Chief Judge Kaye and her husband, Stephen Rackow Kaye, are the parents of three children. Luisa Kaye Hagemeier is a graduate of the New York University School of Law and is Vice President and Assistant General Counsel of the New York Daily News. Her children are Sonja Alexis (b. 1992), Andrea Jane (b. 1994), and Ben (b. 1997). Jonathan Kaye holds a Ph.D. in Computer Science and Linguistics from the University of Pennsylvania and is the founder and President of Amethyst Research LLC in Philadelphia. His children are Shirin Rebecca (b. 2003) and Shayna Niku (b. 2005). Gordon Kaye holds degrees from Cornell University, the University of Indiana, and the Columbia University School of Business, and is President and General Manager of the Reading Royals, a professional hockey team in Reading, Pennsylvania. He and his wife have a daughter, Amelia Rose (b. 2005).


This biography appears in The Judges of the New York Court of Appeals: A Biographical History, ed. Hon. Albert M. Rosenblatt (New York: Fordham University Press, 2007). It has not been updated since publication.


Published Writings Include:

Refinement or Reinvention—The State of Reform in New York: The Courts, 69 Alb L Rev 831 (2006)

The Best Oral Argument I (N)ever Made, 7 J App Prac and Process 191 (2005)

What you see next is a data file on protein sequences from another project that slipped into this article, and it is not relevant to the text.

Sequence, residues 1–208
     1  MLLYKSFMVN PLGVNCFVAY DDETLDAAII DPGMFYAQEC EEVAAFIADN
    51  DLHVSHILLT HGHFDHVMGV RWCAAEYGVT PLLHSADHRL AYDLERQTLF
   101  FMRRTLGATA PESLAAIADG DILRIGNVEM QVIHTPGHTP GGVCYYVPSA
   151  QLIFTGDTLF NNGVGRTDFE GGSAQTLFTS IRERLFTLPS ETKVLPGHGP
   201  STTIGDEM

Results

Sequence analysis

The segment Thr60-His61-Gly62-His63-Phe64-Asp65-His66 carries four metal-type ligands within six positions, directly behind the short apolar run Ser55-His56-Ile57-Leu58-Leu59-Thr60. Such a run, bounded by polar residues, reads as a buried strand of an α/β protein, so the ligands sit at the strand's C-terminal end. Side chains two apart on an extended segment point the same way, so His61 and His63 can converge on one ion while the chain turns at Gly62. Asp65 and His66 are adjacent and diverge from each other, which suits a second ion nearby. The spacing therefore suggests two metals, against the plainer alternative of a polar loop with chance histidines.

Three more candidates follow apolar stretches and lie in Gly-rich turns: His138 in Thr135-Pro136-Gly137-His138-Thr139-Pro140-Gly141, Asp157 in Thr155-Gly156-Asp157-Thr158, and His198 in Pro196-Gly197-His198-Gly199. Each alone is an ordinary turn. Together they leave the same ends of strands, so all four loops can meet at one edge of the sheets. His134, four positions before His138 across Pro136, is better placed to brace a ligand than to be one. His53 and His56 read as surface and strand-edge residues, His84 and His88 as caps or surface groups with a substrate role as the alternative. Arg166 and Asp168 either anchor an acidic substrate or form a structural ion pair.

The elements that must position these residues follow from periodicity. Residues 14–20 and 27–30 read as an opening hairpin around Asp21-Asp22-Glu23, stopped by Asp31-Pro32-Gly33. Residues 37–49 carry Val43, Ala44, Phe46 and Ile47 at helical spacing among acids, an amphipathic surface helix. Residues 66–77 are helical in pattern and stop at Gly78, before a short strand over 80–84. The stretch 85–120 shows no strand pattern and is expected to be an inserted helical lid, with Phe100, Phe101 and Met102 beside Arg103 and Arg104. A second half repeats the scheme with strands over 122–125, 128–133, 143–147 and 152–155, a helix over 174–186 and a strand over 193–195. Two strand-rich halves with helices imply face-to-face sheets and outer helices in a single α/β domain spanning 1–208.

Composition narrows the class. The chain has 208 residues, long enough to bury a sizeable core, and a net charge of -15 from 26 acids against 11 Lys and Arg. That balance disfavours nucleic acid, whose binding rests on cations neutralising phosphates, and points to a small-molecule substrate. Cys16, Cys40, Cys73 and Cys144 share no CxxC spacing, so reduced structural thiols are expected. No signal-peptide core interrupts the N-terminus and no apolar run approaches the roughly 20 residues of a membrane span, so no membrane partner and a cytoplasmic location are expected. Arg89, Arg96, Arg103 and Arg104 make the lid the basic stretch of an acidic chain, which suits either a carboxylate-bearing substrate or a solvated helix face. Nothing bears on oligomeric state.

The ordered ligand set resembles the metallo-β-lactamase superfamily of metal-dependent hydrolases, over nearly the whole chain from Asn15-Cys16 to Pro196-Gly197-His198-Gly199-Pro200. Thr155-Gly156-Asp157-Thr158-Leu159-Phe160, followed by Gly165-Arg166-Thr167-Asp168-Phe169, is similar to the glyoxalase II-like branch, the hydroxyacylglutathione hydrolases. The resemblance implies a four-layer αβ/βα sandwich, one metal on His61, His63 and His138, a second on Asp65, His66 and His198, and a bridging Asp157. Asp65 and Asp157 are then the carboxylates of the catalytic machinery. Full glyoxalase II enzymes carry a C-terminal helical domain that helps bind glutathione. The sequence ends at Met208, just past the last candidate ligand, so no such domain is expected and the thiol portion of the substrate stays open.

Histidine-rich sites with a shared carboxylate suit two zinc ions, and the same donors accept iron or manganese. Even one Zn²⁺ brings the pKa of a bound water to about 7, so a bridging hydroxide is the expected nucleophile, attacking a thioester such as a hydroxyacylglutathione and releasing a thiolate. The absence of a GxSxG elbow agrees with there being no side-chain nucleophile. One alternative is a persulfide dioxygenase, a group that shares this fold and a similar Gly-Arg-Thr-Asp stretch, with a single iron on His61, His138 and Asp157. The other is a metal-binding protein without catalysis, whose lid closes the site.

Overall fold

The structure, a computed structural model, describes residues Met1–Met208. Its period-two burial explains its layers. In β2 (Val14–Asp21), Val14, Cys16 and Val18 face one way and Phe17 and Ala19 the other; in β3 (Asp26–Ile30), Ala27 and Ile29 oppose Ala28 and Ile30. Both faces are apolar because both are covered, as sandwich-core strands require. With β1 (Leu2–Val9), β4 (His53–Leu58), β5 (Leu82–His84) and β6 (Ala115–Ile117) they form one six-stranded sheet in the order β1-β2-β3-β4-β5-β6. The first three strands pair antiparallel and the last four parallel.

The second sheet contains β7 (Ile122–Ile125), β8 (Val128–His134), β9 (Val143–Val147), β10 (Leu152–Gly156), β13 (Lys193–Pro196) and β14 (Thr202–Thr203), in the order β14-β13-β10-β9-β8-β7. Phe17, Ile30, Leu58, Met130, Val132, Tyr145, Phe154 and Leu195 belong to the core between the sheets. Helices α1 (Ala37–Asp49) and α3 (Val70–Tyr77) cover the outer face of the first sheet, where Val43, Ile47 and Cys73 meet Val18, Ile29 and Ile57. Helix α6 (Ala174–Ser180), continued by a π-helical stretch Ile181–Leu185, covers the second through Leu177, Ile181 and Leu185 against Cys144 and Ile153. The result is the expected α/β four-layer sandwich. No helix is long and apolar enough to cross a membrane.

Women Chiefs: Shaping the Courts, 36 U Toledo L Rev 899 (2005)

A Passion for Justice: A Tribute to George Bundy Smith, 68 Alb L Rev 211 (2005)

2005: The Year of the Jury, NYLJ, State Bar Week Supplement (Jan. 24, 2005)

Commercial Litigation in New York State Courts, Chapter 1, Volume 2, West’s New York Practice Series (West 1995; 2d ed. 2005)

Introduction to the 2004 Hugh R. Jones Memorial Lecture at Albany Law School, 68 Alb L Rev 1 (2004)

Jury Reform and the Business Community, 12 Metropolitan Corp Csl, No. 11, p 1 (Nov. 2004)

Pro Bono: Together We Stand Tall with New York for Children and Families, Metropolitan Corp Csl (Aug. 2004)

A Tribute to Joseph W. Bellacosa, 78 St John’s L Rev 495 (2004)

Foreword, Public Service in a Time of Crisis, A Report and Retrospective on the Legal Community’s Response to the Events of September 11, 2001 (2004)

Law Day Tributes printed in the NYLJ (Apr. 30, 2004, p 9) and the Rochester Daily Record, Law Day Supplement (Apr. 30, 2004)

In Memoriam—Stanley H. Fuld, 104 Colum L Rev 270 (2004)

Delivering Justice Today: A Problem-Solving Approach, 22 Yale L & Pol Rev 125 (2004)

Judicial Selection: Improve Now, Overhaul Later, Albany Times Union (Oct. 26, 2003)

Collegiality: Something to Celebrate, NYLJ, p 2 (Sept. 9, 2003)

Remarks on Frye and Daubert to the State Bar Trial Lawyers and Torts, Insurance and Compensation Law Section, 32 Torts, Insurance and Compensation Law Section Journal 4 (Summer 2003), reprinted in 76 NY St B J 35 (Nov./Dec. 2004)

A Lesson in the Development of the Law, 72 Fordham L Rev 1 (2003) (with Matthew Morris)

Pro Bono After 9/11, NYLJ, Law Day Supplement (May 1, 2003)

“Problem-Solving” Courts: The New York Experience, 17 Relational Justice Bulletin 1 (2003) (a British publication)

Enduring Values and Changing Times, 57 Record 20 (2002) (The Marden Lecture)

Problem Solving Courts: The Changing Face of Justice: Keynote Address, 29 Fordham Urban L J 1925 (2002)

Another Perspective on the New York Courts, Albany Times Union, B2 (Feb. 10, 2002)